Colin Trevorrow (The Book of Henry), writing with Emily Carmichael (Pacific Rim: Uprising) and Derek Connolly (Kong: Skull Island), returns to the Jurassic World director's chair with Jurassic World: Dominion. This final film in the arc unites both iconic casts for the first time in a thrill ride of a movie that is big on action but misses a few strands of DNA in the story’s evolution.
The planet is learning to live with dinosaurs being everywhere. As with anything exotic, this includes the black market dealing in them. The biggest prizes in this illegal trade are Blue's baby raptor and the clone Maisie Lockwood (Isabella Sermon). Both are protected by Owen Grady (Chris Pratt) and Claire Dearing (Bryce Dallas Howard) in a remote woodland cabin. But poachers find them and kidnap both, forcing Owen and Claire to embark on a worldwide search.
Meanwhile, a new, genetically engineered species of locust is ravaging crops and threatening the world's food supply. This draws Ellie Sattler (Laura Dern) and Alan Grant (Sam Neill) back together to try to solve the origin of the crisis. These seemingly unrelated quests converge when both lead to the genetics laboratory Biosyn and the enigmatic visionary Lewis Dodgson (Campbell Scott).
Trevorrow does an excellent job directing the action and the actors from beginning to end. Where he falls short is in the scripting duties via plot holes. The story is adequate and organically brings the two casts together, but missing pieces create some questions with answers that never get found. This isn't overtly troublesome, but it will gnaw at the back of the mind during the final credits. The other issue is the chaos in the story for the first act. There are too many pieces to move around, which happens in a fragmented and sometimes cartoonish way that affects the overall narrative through lack of development – and sometimes forced development solely to give a character an arc. Finally, audiences might expect an overabundance of dinosaurs to be the reason for the shortcomings, but the reality is that for the first half of the film, too much time is spent hurriedly developing the background for the overabundance of characters. Regardless, if audiences go in looking for a fun film without looking too deeply, the movie is fun. There are lots of subtle and overt callbacks to the previous films, and fans of ‘dinos’ will undoubtedly get their fill by the end.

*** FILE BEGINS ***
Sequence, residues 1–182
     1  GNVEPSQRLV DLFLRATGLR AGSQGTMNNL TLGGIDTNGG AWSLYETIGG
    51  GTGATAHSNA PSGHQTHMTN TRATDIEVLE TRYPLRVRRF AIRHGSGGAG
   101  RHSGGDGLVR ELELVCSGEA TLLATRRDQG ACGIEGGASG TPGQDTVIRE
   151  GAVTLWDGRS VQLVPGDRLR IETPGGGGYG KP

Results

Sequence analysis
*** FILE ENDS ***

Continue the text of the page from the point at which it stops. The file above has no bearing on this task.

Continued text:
Additionally, the special effects are quite spectacular – using a blend of CGI and puppetry in a way that reminds the audience of this franchise's roots. Because of the advances in technology, the artists can show any dinosaur – and by the end of the film, they really go to town on this. Flying, running, feasting, and even swimming dinosaurs abound, blending seamlessly with the sets, actors, and even modern animals, large and small. Panoramic views of dinosaurs in their habitat abound in stunning low-to-the-ground and long aerial shots, awakening that kid in every audience member that's always wanted to see a live one.
Jurassic World: Dominion has flaws in the story but provides an enjoyable two-plus hours of entertainment. As a stand-alone, audience members might feel like they're missing some bones. But as a final chapter in a decades-long series, it is a decent end of an era.